Editor's Note — July 21, 2016, 3:35 pm

Inside the August Issue

Martin Amis on the rise of Trump, Tom Wolfe on the origins of speech, Art Spiegelman on Si Lewen, fiction by Diane Williams, and more

HarpersWeb-Cover-2016-08-302x410In this month’s cover story, Tom Wolfe attacks the charismatic cult of Noam Chomsky and the long reign of his theory that human beings are born with an innate ability to acquire languages. “It no longer mattered whether one agreed with Noam Chomsky’s scholarly or political opinions or not,” writes Wolfe, “for fame enveloped him like a golden armature.” For thirty years Chomsky had insisted that some empiricist would come along and prove him right. But in 2005, Daniel L. Everett published a paper that didn’t so much refute Chomsky’s conception of a language organ as dismiss it entirely. Wolfe tells the story of the man who proved Chomsky wrong, precipitating the great linguist’s fall from his “plateau on Olympus.”

But as Walter Kirn reflects in this month’s Easy Chair, some experts are best left alone. At a cocktail party with a highly skilled surgeon, Kirn learns how patient-satisfaction surveys sometimes prevent doctors from providing the best possible care. According to Kirn, “the customer is always right, even if the customer is stupid or addicted to prescription narcotics” might well sum up what happens when insurance benefits are linked to ratings, but it’s also the great lesson of this year’s election season. In an era of aggregated content, “the spoils have a way of flowing to the middlemen.” No wonder, he writes, that the most outrageous political populist “is just another billionaire businessman, a man whose chief qualification seems to be that he lacks the technocrat’s competence and expertise.”

Martin Amis affirms Kirn’s disappointment with the “horizontal, spreading expanse of averaged cultural mulch” in his aghast review of two books “by” Donald Trump: The Art of the Deal (1987) and Crippled America (2015). Devoid of content or style, Trump’s bloated, distracted rages-to-riches stories “from which the rags have been tastefully excised” read like the “naked manifestations of advanced paranoia.” “We remember the bitter witticism about democracy,” Amis writes, “The people have spoken. The bastards.” But we cannot “let Trump be Trump,” he warns, lamenting the necessity, and urgency, of such obvious advice.

In his Miscellany on archery, Reeves Wiedeman meets Olympic athletes who, rather unlike Trump, devote years of their lives to accuracy and precision. Archery is in the middle of an unprecedented boom, and getting pretty good, Wiedeman discovers, is not too hard. (The actress Geena Davis almost qualified for the 2000 Games.) Getting great, however, is terribly difficult; the tension between body and mind is such that, during a competition, even an elite archer is liable to lose the feeling in her arms. All the drama is in an archer’s head, Weideman writes, which makes this a uniquely a tough sell as a spectator sport. As one archery buff put it, “even parents will tell you that after fifty arrows, they’re falling asleep.”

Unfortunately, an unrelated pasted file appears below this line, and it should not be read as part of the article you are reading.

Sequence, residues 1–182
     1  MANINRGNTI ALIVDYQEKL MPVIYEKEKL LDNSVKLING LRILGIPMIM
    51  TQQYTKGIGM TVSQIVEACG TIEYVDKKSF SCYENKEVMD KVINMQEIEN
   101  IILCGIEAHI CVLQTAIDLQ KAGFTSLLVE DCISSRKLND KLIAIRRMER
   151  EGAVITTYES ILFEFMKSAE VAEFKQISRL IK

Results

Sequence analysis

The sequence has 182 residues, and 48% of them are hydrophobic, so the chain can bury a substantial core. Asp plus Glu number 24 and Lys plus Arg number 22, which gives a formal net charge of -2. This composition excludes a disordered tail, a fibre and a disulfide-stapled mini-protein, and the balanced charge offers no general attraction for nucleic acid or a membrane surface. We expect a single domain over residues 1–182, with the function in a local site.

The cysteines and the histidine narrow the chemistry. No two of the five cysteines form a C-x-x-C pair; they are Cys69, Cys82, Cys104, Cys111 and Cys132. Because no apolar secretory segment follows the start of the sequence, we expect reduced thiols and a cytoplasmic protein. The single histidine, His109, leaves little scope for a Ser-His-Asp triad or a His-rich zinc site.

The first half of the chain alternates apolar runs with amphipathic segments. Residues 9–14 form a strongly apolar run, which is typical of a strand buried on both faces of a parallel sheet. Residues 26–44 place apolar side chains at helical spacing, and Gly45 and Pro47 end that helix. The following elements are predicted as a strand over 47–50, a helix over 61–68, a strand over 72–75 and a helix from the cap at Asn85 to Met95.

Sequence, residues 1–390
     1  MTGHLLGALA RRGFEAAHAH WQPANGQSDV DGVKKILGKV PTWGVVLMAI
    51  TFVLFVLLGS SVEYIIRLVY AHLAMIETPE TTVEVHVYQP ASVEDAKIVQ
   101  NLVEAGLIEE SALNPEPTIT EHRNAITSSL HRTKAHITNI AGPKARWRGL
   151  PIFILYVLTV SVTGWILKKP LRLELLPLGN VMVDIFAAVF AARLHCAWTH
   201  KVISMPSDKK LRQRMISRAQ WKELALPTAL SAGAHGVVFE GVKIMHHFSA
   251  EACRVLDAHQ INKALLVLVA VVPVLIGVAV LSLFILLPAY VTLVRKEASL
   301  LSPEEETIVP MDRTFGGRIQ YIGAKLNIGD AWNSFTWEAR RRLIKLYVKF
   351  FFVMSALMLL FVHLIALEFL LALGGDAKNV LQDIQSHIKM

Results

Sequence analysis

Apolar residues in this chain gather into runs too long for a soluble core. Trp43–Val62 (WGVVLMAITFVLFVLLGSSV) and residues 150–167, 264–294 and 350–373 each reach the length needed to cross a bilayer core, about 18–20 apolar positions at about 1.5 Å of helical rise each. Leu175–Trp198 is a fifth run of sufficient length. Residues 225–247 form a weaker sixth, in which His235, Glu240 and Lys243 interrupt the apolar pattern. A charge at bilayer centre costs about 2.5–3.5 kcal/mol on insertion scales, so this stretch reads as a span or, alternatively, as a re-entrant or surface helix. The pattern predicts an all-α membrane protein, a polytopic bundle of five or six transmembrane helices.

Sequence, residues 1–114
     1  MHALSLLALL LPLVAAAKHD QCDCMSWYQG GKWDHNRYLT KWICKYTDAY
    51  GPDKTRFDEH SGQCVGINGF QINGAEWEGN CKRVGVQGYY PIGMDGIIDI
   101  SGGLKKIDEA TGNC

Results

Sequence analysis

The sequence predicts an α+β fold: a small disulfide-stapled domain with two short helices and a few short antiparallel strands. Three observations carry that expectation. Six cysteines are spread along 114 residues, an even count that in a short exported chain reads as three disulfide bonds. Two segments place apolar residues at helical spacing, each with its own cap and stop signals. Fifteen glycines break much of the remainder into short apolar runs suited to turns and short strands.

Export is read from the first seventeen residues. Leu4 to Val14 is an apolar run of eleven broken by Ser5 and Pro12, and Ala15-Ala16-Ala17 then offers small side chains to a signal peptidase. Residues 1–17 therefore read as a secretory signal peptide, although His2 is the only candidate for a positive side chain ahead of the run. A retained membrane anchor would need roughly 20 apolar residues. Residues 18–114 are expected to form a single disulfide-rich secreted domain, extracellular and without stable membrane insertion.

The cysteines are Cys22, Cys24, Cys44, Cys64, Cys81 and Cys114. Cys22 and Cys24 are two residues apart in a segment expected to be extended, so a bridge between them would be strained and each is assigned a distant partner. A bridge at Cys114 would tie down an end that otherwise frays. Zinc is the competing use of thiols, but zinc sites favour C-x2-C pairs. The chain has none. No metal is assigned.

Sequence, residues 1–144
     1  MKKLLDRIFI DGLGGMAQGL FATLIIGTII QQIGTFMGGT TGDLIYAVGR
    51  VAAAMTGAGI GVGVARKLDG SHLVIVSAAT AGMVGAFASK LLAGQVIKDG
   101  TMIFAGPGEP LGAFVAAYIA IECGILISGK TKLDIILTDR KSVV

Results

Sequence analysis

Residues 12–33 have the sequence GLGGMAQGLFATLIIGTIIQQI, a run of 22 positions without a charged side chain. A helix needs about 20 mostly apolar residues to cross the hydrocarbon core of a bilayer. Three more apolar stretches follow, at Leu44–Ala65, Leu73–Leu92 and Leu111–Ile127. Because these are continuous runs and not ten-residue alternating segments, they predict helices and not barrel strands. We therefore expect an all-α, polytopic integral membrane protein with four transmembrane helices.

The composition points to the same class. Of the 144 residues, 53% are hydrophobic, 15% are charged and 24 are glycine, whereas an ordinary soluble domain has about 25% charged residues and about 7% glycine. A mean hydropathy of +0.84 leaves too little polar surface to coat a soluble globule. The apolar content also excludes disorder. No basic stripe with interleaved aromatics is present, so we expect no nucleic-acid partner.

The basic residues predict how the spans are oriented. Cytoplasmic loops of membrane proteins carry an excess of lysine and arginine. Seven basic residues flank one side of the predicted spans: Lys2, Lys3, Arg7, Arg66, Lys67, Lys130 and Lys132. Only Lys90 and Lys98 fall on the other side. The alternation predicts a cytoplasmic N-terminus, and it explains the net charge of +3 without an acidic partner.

Also in this issue: Art Spiegelman pens an appreciation of Si Lewen’s Parade; Christine Smallwood reviews A.S. Byatt’s Peacock & Vine: On William Morris and Mariano Fortuny, Jamie James’s The Glamour of Strangeness: Artists and the Last Age of the Exotic, and Alfred Döblin’s Bright Magic: Stories; and Michael Wood contemplates the unlikely return of the Brat Pack.

Single Page

More from Ellen Rosenbush:

Editor's Note October 19, 2018, 8:00 am

Inside the November 2018 Issue

Jonathan Taplin on the progressive states’-rights movement; John Cleese proselytizes; Ana Marie Cox on the tragedy of Ted Cruz; a personal history of the Holocaust

Editor's Note September 13, 2018, 11:00 am

Inside the October 2018 Issue

The printed word in peril; poems by Ben Lerner; among Britain’s anti-Semites 

Editor's Note August 21, 2018, 10:58 am

Inside the September Issue

Garret Keizer on organized labor post-Janus; Rohini Mohan on religious conflict in India; Katie Booth on doctors learning how to treat Deaf patients; Micah Hauser on scams targeting the undocumented; and more

Get access to 168 years of
Harper’s for only $45.99

United States Canada



November 2018

Rebirth of a Nation

= Subscribers only.
Sign in here.
Subscribe here.

The Tragedy of Ted Cruz

= Subscribers only.
Sign in here.
Subscribe here.

view Table Content


Rebirth of a Nation·

= Subscribers only.
Sign in here.
Subscribe here.